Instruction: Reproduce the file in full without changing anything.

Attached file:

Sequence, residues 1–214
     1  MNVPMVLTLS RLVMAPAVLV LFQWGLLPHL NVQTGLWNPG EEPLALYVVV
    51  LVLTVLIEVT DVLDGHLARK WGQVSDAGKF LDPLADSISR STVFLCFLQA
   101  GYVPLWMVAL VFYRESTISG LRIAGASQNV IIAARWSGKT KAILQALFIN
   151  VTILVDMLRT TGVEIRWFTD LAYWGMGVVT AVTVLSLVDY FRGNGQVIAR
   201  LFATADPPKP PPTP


Sequence, residues 1–214
     1  MNVPMVLTLS RLVMAPAVLV LFQWGLLPHL NVQTGLWNPG EEPLALYVVV
    51  LVLTVLIEVT DVLDGHLARK WGQVSDAGKF LDPLADSISR STVFLCFLQA
   101  GYVPLWMVAL VFYRESTISG LRIAGASQNV IIAARWSGKT KAILQALFIN
   151  VTILVDMLRT TGVEIRWFTD LAYWGMGVVT AVTVLSLVDY FRGNGQVIAR
   201  LFATADPPKP PPTP